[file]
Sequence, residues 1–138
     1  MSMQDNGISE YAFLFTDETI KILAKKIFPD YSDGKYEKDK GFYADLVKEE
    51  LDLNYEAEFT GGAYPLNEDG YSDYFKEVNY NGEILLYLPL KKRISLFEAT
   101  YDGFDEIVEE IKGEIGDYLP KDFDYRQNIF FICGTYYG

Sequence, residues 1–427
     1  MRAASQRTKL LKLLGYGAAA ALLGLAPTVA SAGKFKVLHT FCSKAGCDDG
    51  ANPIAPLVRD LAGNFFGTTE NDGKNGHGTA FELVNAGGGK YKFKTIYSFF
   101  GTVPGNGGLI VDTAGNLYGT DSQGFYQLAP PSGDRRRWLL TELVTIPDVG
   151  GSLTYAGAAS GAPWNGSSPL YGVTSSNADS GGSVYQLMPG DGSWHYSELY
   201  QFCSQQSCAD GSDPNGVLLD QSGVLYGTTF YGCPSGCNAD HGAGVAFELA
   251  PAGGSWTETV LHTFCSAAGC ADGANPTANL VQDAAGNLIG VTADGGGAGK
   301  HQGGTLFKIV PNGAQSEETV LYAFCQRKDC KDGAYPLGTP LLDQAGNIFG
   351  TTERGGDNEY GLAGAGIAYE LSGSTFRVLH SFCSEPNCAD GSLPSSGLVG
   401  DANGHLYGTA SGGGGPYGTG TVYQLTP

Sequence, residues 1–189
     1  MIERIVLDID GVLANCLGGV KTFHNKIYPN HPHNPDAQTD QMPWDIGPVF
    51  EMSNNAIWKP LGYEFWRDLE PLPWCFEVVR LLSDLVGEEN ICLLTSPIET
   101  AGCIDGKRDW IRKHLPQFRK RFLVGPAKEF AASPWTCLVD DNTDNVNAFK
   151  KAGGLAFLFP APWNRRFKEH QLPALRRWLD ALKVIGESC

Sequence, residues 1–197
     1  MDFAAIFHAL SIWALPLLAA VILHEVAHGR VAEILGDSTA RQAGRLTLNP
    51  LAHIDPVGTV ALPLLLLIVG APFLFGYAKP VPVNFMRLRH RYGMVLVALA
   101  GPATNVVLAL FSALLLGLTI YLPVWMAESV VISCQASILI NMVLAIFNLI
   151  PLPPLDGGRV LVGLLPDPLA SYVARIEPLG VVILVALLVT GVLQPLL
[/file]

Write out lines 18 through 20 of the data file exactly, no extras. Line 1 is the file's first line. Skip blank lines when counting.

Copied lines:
   101  AGCIDGKRDW IRKHLPQFRK RFLVGPAKEF AASPWTCLVD DNTDNVNAFK
   151  KAGGLAFLFP APWNRRFKEH QLPALRRWLD ALKVIGESC

Sequence, residues 1–197